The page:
From Scot McKnight’s Blog: Gentiles in the Age of Israel

I am a frequent reader of “Jesus Creed,” a blog by North Park University professor Scot McKnight. He is discussing Christopher Wright’s book, The Mission of God, at the moment. Today he brought up a good point. I include below an excerpt from Scot’s article and my addition to the pot of comments.
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Scot McKnight, “Missional God 9.” See the full article here.

This week the tough question is this: Why, if God wanted to make his Name known throughout the world, did God choose to make that Name known only through one people? From a different angle, that tough question looks something like this: Why does the Gentile mission, to use this expression for what happens in the Acts of the Apostles, not become fully operative for at least 2500 years from the time of Abraham? These are the questions that Chris Wright asks in The Mission of God, chps 6-7.

No matter how you cut the pie, one big piece is that — no matter how many Old Testament texts you can find about a universal mission or vision — OT Israelites so rarely did “mission” work that one can at least be fair in wondering if they read those texts that way. We know Acts does and Paul does etc, but it the missional impulse simply isn’t the way of ancient Israel. What are your thoughts? What about those who did not hear?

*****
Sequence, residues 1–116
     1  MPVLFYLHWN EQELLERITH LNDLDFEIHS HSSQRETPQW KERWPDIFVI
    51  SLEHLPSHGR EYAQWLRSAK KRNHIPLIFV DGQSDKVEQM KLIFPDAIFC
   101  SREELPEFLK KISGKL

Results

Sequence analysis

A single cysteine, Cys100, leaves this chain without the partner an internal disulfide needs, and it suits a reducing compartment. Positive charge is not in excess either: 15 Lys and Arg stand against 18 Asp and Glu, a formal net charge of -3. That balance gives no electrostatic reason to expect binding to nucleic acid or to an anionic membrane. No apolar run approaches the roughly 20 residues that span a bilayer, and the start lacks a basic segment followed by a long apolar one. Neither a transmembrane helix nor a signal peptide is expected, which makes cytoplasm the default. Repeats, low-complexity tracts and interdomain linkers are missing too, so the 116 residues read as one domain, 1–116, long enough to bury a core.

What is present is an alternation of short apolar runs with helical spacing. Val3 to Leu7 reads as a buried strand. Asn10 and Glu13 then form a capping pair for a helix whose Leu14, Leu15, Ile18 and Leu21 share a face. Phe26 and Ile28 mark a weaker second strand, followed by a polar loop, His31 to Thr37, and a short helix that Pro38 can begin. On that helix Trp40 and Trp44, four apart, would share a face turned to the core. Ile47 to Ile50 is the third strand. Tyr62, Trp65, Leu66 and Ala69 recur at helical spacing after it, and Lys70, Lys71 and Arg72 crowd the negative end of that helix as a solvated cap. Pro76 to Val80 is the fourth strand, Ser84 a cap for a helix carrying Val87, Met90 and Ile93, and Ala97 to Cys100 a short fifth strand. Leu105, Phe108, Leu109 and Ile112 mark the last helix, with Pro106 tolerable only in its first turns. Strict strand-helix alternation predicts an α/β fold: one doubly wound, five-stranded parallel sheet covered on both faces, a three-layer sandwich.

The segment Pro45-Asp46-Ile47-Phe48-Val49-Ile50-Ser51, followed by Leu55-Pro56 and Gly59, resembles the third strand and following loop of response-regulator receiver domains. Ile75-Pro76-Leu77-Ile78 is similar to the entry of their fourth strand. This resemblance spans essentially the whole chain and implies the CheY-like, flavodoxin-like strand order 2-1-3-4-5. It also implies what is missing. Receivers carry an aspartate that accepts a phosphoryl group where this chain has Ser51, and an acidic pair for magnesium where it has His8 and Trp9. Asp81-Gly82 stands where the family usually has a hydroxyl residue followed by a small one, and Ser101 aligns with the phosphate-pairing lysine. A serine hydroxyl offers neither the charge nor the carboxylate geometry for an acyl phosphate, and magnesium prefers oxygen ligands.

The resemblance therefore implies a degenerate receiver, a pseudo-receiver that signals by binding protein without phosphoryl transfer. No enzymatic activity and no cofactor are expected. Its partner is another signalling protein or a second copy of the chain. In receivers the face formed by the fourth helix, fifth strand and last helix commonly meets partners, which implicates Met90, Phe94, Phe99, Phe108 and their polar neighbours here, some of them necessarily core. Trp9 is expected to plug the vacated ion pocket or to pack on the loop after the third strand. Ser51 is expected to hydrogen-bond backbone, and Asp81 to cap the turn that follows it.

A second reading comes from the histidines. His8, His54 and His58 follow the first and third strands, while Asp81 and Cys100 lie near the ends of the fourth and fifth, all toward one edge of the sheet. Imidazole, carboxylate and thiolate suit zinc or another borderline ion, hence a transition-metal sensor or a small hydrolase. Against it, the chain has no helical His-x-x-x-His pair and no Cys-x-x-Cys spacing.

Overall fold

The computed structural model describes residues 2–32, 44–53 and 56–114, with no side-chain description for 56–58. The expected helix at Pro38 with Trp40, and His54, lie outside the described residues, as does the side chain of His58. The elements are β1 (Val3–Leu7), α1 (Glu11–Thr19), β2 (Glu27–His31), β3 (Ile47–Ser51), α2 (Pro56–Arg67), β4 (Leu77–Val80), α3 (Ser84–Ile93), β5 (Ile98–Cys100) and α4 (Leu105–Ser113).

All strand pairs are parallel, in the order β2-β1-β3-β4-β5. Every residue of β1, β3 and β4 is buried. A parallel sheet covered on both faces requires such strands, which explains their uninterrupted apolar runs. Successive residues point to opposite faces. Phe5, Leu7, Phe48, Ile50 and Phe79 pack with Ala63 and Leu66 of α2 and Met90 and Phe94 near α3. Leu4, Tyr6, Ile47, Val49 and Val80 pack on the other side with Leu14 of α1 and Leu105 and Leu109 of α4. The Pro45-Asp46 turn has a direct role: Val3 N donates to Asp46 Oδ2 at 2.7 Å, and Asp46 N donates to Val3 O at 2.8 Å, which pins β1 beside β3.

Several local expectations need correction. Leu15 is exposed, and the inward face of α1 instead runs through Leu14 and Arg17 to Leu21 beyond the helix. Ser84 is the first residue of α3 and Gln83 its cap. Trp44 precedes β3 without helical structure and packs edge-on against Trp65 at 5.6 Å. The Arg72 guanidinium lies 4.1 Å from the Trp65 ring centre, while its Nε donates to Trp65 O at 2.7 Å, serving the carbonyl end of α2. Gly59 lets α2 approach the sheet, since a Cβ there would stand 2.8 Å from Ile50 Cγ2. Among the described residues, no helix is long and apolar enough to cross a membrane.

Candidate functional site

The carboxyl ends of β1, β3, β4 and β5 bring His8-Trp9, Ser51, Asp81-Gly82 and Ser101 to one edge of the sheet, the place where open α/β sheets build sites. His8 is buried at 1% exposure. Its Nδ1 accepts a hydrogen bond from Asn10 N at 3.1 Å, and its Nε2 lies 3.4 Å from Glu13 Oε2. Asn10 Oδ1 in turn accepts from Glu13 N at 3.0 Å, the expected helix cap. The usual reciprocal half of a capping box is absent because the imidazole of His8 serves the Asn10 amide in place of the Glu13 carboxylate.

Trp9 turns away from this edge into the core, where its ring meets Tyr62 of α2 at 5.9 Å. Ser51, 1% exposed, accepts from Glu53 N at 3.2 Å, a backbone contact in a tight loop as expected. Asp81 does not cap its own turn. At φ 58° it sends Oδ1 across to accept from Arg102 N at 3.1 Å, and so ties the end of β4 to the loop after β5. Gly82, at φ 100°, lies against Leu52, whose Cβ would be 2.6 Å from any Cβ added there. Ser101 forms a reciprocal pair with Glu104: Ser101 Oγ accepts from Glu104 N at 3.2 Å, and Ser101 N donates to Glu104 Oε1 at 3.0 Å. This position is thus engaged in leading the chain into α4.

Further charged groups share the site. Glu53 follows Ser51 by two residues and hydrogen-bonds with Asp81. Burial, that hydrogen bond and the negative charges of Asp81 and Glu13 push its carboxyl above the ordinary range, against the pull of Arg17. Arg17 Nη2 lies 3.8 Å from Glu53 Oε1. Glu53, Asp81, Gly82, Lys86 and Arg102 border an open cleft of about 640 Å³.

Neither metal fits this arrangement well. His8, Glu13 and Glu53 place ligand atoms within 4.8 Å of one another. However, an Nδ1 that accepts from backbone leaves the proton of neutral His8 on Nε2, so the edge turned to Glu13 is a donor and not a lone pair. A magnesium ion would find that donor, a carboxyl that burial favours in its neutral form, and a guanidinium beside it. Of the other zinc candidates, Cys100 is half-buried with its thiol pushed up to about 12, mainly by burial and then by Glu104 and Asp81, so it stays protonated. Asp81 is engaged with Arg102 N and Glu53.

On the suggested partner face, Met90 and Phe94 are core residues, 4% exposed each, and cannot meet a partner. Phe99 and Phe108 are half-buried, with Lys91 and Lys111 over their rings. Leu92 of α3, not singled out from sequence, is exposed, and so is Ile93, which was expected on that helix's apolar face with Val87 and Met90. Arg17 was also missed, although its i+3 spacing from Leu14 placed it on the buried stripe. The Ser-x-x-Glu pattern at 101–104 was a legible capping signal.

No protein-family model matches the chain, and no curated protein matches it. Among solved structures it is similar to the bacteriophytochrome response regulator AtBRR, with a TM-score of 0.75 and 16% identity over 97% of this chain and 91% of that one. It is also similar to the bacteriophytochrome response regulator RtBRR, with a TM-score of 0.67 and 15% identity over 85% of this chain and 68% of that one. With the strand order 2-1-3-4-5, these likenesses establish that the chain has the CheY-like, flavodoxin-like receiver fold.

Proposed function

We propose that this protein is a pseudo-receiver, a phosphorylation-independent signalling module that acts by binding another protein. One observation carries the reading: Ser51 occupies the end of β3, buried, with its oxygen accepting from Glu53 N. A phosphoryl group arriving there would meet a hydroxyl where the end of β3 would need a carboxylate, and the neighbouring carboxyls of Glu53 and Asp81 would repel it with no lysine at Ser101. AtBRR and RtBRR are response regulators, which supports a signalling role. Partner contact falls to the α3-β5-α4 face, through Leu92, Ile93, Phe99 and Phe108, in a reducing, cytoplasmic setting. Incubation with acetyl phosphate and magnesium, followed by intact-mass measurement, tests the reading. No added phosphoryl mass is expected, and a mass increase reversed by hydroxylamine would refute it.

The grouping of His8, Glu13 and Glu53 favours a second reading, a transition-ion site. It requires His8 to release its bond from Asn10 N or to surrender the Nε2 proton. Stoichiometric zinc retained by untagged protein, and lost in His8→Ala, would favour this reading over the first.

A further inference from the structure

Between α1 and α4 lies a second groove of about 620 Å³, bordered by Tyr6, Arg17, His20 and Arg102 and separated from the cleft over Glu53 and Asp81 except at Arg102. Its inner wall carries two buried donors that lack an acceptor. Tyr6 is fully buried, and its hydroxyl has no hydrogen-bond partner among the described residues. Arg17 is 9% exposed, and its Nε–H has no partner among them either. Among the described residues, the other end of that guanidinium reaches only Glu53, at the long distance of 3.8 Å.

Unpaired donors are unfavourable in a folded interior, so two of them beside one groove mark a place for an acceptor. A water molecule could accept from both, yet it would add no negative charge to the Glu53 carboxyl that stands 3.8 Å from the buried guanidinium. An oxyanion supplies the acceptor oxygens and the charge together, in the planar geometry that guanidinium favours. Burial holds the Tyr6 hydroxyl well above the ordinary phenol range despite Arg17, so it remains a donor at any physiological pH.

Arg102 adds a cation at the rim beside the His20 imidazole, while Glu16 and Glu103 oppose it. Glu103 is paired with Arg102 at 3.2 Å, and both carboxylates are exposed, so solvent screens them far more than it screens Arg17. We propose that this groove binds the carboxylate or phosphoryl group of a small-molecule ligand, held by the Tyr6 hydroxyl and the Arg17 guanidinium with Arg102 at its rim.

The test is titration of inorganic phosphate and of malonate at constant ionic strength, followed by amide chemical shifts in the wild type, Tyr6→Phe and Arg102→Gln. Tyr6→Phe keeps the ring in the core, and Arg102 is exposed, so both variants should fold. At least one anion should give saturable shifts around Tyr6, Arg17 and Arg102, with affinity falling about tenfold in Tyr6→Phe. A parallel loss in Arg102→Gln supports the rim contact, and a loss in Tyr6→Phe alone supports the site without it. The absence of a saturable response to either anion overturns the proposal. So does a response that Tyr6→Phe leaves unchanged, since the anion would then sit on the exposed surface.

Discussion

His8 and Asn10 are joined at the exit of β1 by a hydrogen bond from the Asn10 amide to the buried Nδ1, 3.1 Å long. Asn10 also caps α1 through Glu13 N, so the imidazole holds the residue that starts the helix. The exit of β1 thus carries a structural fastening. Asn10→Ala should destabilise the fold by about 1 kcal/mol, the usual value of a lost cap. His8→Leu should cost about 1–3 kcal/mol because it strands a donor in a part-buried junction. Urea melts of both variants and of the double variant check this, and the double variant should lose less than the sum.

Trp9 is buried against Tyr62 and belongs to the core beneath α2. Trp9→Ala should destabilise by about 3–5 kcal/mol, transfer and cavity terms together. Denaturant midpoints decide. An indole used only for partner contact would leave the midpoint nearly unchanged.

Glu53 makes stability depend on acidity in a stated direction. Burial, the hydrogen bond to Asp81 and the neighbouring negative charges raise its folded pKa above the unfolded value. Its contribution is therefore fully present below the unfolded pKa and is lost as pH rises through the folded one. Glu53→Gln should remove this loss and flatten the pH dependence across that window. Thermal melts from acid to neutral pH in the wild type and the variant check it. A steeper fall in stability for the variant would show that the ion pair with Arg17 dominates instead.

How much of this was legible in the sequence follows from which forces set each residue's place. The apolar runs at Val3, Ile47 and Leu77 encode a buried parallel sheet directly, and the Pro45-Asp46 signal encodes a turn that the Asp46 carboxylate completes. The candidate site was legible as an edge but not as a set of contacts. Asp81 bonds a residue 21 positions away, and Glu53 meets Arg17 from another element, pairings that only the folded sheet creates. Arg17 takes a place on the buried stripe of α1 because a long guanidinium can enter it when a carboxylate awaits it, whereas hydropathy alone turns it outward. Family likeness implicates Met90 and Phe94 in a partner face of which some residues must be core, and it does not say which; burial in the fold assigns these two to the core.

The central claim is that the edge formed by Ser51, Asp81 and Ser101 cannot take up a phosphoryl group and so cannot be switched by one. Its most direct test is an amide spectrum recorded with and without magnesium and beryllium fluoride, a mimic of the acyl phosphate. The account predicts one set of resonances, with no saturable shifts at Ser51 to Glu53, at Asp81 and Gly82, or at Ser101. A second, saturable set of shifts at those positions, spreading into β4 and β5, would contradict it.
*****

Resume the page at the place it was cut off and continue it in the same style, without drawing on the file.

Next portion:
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My comment:
Scot:

I have a some chapters in my latest book about “Israel as the Vessel” and “The Nations as the Goal.” You are right to say that Israel did not do well in its priestly mission. God worked through Israel in spite of Israel, bringing the BIble and Messiah and transforming the world.

I love the mutual blessing theme of Genesis 12, which R. Kendall Soulen develops at length in The God of Israel and Christian Theology. It sounds like Chris Wright gets that too. God’s way of redeeming the world is mutual blessing.

In my book, The World to Come, I say that Israel had three ways of incorporating non-Jews: Conversion (like Caleb or Ruth, joining the family), Participation (the sojourner who was invited to make offerings and keep Sabbath and so on with Israel), and Invitation (like Solomon praying in Kings that people from the nations would worship at God’s temple). Yet, though we see these examples and more, clearly Israel did not heed God’s call to priestly mission. But we could ask ourselves: was there any better plan God could have chosen? I think not.

Derek Leman
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How about you? What do you think?

About Derek Leman

IT guy working in the associations industry. Formerly a congregational rabbi. Dad of 8. Nerd.
This entry was posted in Christian, Judaism, Messianic Jewish, Scot McKnight, Theology. Bookmark the permalink.

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